Present-day strain and rotation in the Lebanese restraining bend of the Dead Sea fault system based on analysis of GPS velocities

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dc.contributor.author Karam, G.
dc.contributor.author Abdallah, C.
dc.contributor.author Jaafar, R.
dc.contributor.author Gomez, F.
dc.date.accessioned 2018-01-29T11:47:51Z
dc.date.available 2018-01-29T11:47:51Z
dc.date.copyright 2012 en_US
dc.date.issued 2018-01-29
dc.identifier.uri http://hdl.handle.net/10725/6991
dc.description.abstract The Lebanese Restraining Bend (LRB) is a ~200-km-long bend in the central part of the Dead Sea Fault system (DSFS). As with other large restraining bends, this part of the transform is characterized by more complicated structure than other parts. Additionally, results from recent GPS studies have documented slower velocities north of the LRB than are observed along the southern DSFS to the south. In an effort to understand how strain is transferred through the LRB, this study analyzes improved GPS velocities within the central DSFS based on new data and additional stations. Despite relatively modest rates of seismicity, the Dead Sea Fault system (DSFS) has a historically documented record of producing large and devastating earthquakes. Hence, geodetic measurements of crustal deformation may provide key constraints on processes of strain accumulation that may not be evident in instrumentally recorded seismicity. Within the LRB, the transform splays into two prominent strike-slip faults: The through-going Yammouneh fault and the Serghaya fault. The latter appears to terminate in the Anti-Lebanon Mountains. Additionally, some oblique plate motion is accommodated by thrusting along the coast of Lebanon. This study used GPS observations from survey-mode GPS sites, as well as continuous GPS stations in the region. In total, 22 GPS survey sites have been measured in Lebanon between 2002 and 2010, along with GPS data from the adjacent area. Elastic models are used for initial assessment of fault slip rates. Incorporating two major strike-slip faults, as well as an offshore thrust fault, this modeling suggests left-lateral slip rates of 3.8 mm/yr and 1.1 mm/yr for the Yammouneh and Serghaya faults, respectively. The GPS survey network has sufficient density for analyzing velocity gradients in an effort to quantify tectonic strains and rotations. The velocity gradients suggest that differential rotations play a role in accommodating some plate motion. en_US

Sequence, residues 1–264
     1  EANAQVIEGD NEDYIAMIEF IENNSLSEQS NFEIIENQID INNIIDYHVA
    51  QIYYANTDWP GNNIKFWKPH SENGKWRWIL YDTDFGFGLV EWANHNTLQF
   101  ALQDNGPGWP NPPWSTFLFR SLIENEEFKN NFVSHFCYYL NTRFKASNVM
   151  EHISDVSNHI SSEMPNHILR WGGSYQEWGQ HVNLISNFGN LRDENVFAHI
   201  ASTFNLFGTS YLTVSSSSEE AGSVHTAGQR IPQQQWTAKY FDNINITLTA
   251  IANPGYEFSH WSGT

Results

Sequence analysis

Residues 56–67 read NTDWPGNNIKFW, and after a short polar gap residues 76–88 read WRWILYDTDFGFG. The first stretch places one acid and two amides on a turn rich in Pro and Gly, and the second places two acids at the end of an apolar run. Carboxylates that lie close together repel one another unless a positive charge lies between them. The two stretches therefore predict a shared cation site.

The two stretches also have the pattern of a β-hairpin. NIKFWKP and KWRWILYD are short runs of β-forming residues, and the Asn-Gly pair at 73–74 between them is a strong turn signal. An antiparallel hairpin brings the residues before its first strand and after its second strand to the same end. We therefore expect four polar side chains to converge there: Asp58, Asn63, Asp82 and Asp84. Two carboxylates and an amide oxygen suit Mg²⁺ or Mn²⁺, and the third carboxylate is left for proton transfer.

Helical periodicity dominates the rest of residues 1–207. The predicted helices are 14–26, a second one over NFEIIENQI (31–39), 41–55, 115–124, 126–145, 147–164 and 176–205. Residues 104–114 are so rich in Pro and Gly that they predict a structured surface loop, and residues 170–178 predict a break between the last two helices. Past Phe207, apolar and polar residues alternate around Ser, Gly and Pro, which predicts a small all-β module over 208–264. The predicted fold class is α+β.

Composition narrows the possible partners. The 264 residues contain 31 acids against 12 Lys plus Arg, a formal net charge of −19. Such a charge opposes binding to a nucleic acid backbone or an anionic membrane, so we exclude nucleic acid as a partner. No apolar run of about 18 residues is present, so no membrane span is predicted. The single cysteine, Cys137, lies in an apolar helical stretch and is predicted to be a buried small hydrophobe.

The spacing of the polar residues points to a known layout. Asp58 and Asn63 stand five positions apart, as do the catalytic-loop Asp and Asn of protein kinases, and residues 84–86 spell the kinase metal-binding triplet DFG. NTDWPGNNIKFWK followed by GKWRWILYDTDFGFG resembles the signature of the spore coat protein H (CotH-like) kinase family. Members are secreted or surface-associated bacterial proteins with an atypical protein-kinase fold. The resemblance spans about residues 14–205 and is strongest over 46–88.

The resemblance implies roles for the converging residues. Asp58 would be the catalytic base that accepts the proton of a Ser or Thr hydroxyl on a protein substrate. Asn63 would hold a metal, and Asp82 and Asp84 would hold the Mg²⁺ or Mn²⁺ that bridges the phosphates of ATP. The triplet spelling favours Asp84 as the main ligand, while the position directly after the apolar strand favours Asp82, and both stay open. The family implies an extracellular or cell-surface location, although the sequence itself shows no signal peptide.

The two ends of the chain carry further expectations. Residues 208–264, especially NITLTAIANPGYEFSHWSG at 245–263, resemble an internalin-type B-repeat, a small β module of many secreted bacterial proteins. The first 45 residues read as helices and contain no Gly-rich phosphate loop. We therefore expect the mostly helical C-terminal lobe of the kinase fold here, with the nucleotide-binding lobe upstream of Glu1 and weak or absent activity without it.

dc.language.iso en en_US
dc.title Present-day strain and rotation in the Lebanese restraining bend of the Dead Sea fault system based on analysis of GPS velocities en_US
dc.type Conference Paper / Proceeding en_US
dc.author.school SOE en_US
dc.author.idnumber 199590200 en_US
dc.author.department Civil Engineering en_US
dc.description.embargo N/A en_US
dc.keywords 1209 GEODESY AND GRAVITY / Tectonic deformation en_US
dc.keywords 1240 GEODESY AND GRAVITY / Satellite geodesy: results en_US
dc.keywords 8107 TECTONOPHYSICS / Continental neotectonics en_US
dc.keywords 8111 TECTONOPHYSICS / Continental tectonics: strike-slip and transform en_US
dc.identifier.ctation Gomez, F., Jaafar, R., Abdallah, C., & Karam, G. (2012, December). Present-Day Strain and Rotation in the Lebanese Restraining Bend of the Dead Sea Fault System Based on Analysis of GPS Velocities. In AGU Fall Meeting Abstracts. en_US
dc.author.email gkaram@lau.edu.lb en_US
dc.conference.date December 3, 2012
dc.conference.subtitle adaptation options to increase resilience
dc.conference.title Energy sector vulnerability to climate change en_US
dc.identifier.tou http://libraries.lau.edu.lb/research/laur/terms-of-use/articles.php en_US
dc.identifier.url http://adsabs.harvard.edu/abs/2012AGUFM.G53A1124G en_US
dc.publication.date 2012 en_US
dc.author.affiliation Lebanese American University en_US

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